Standing in the shower later, she almost let the sorrow overwhelm her again, but she managed to fight it off while she washed her hair, letting the water run through it and relax her. She kept it in check until she stood in the doorway of the bedroom, confronted by the large, empty double bed. She let herself slide slowly to the carpet, and once again she felt the tears come, this time, it was different. She felt empty, as if the first time she’d cried had left nothing inside her, but still the tears came. It felt like they were using her up, consuming he and dissolving her, and she gave herself over, welcoming oblivion.

The next morning, Mrs Atkins from 45a noticed water leaking under the door of the apartment across the hall. She knocked on the door, avoiding the puddle, and found that the door swung easily open under her hand. She walked tentatively inside, calling out to the tenants, but it seemed to be deserted. She hunted for the source of the water, but all the taps in the house had been turned off, and the water seemed to have no source. It just stretched in a puddle from the entrance to the bedroom down the hall and under the door. Liz and her husband had left early, and in a rush it seemed, because they hadn’t even bothered to pick up the pyjamas lying in the centre of the puddle in the bedroom. Tutting to herself about the strangeness of some people, Mrs Atkins went to tell the landlord about the apparent leak. After a week, a sign appeared outside the building, reading “Apartment 45a-FOR LEASE”.

Sorrow

“It’s over.”

Those two words, shredding the past, destroying it totally. He left, and it was like grief.

Someone she’d once known had a young daughter who had dies. Liz hadn’t known her very well, but whenever she visited, Sophie had always called her over, and she wanted to play with Liz for the entire afternoon. Even as it was, she would regularly emerge from that private world which children seem to retreat to while playing, to tap Liz on the knee, or sneak a hand onto the plate of biscuits while she shared some snippet of information from her life, about her friends or her school. Then she would retreat to the rug in front of the TV, and flip through picture books or barbies-dressing or undressing them, acting out imaginary plastic lives. She looked like a doll herself, with her small frame and painfully fragile limbs, the result of a heart defect. Then, one day, Liz had gone over and Soph had been in the chair in front of the TV, watching her favourite movie The Fox and the Hound. Liz had been talking to the mother when she heard a change in the short, shallow breaths. She had made her excuses and left. The next day, she got a call. Sophie was dead. There had never been an overwhelming amount of hope, but it was still a blow- there was no way to prepare for something like that. One day she was there, the next she just wasn’t. And never would be again. The sudden loss, that was the hardest thing. The knowledge that no-one would ever see her again, never see that peaceful figure playing in her own world on the rug in front of the TV. Her parents had lost their child, and they could never get her back.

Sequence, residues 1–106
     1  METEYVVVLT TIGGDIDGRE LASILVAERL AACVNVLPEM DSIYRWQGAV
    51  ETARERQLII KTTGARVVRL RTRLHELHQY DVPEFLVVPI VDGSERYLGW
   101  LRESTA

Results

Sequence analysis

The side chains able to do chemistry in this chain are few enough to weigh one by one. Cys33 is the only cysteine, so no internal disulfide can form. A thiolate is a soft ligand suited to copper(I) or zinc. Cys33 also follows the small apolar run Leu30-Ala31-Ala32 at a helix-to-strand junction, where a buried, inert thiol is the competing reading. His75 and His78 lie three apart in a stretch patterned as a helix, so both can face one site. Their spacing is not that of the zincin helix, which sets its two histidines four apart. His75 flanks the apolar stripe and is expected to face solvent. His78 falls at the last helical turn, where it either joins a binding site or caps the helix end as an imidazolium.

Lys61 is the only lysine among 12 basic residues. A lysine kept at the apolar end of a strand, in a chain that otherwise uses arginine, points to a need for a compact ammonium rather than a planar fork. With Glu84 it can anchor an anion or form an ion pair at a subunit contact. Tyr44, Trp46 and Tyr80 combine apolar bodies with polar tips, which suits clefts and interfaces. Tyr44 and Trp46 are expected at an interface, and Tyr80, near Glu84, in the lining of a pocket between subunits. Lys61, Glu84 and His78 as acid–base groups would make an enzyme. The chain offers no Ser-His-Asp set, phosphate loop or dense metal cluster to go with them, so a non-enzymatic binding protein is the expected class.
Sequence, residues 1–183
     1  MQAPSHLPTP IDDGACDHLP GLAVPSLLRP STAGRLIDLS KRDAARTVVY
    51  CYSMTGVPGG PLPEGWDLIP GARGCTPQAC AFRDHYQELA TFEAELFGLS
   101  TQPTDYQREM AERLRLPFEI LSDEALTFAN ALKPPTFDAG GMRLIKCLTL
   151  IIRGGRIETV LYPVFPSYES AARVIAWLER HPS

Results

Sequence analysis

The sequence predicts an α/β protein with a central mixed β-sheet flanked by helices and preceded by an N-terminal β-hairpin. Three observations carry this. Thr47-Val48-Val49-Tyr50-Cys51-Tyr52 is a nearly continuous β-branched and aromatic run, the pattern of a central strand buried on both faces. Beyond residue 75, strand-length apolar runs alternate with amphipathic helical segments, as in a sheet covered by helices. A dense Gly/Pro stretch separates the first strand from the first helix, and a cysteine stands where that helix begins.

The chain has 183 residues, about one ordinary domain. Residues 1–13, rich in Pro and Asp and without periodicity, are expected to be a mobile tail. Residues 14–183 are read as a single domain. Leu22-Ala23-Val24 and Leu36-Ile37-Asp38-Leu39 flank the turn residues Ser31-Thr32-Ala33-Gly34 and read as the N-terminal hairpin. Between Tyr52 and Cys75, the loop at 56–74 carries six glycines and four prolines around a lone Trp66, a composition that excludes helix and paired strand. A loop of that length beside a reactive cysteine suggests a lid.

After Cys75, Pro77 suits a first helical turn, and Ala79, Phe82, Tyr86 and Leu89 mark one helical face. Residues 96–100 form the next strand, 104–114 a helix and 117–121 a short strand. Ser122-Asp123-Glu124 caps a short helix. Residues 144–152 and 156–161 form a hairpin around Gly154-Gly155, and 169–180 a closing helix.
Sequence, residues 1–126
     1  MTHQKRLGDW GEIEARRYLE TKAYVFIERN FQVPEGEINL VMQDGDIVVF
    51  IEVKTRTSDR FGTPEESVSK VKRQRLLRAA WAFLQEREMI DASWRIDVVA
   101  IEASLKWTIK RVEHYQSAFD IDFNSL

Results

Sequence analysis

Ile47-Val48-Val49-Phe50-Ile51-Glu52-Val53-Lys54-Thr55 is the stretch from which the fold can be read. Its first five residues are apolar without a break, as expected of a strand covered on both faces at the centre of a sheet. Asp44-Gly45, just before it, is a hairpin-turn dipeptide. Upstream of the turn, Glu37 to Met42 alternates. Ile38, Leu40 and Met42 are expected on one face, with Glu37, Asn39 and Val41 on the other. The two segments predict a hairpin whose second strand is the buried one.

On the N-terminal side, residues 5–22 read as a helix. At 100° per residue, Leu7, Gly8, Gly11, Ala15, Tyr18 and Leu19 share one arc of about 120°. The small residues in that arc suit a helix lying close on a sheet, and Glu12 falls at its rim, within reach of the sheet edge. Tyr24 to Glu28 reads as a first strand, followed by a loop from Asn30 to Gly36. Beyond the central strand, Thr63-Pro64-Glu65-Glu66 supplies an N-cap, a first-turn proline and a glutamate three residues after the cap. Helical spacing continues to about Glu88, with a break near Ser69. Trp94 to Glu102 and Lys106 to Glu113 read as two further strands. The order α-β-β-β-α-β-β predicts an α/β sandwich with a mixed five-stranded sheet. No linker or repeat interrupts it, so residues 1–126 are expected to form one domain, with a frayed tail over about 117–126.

That was how Liz felt now. The sudden loss, with no way to take it back, no way to undo it. Liz desperately wanted to somehow rewind, for the last few hours not to have happened. She wanted to shut her eyes and somehow fall asleep and wake up to find it was all a dream. She wanted this sick feeling in the pit of her stomach to go away, so she could pretend for a few hours that this wasn’t real, it hadn’t happened, it was all OK. She felt like screaming and crying and curling up on the floor and just and just and just...stopping. Ceasing to exist. Stopping and letting the tears flow and be overwhelmed by them and no longer feeling, just letting the tears wash through her and over her, allowing the emotion to engulf her and consume her, so she wouldn’t have to hurt anymore.

But no. She couldn’t. She’d have to hold out till she got home. Call Karen and get her to come in to cover her shift. Then she could go home and let herself be washed away.

Home. In the front door, hang up the keys on their hook. She walked straight to the bedroom and only then did she let herself think, remember. The bastard. Why. She felt herself curl up and discovered she was on her bed, so she kicked her shoes off and let the tears come. She felt them creeping out the corners of her eyes, collecting and running down her face to mingle with the snot dripping from her nose. She lay there and let herself go, let herself wallow in the hurt and be young again, a teenager breaking up with her first boyfriend. But it was deeper than that. This was the pain of years, years no suddenly worthless. She ached to feel his familiar presence next to her, t o feel the comforting touch of his shoulder against hers. But that was over. Never again. She could feel her breathing getting more and more ragged, and a wave of hurt rolled over her- he was doing this, it was his fault. Every time she thought she’d calmed down, she’d remember again how he was gone forever, that he would never be hers again. Then a fresh wave of grief would crash over her, washing away everything but the sick feeling in her stomach and the ache at the back of her throat. A horrible sound was coming out of her mouth, half sob half laugh, and she sounded like some demoniacal bird cawing at the world, and she could only breathe in gasps, gasps between the cawing. The patch of bed where she was lying was wet with snot and tears, so she moved her head, her mouth twisting into a slight smirk in spite of herself at the ludicrous notion that even though the world was ending, she still cared her hair was getting wet.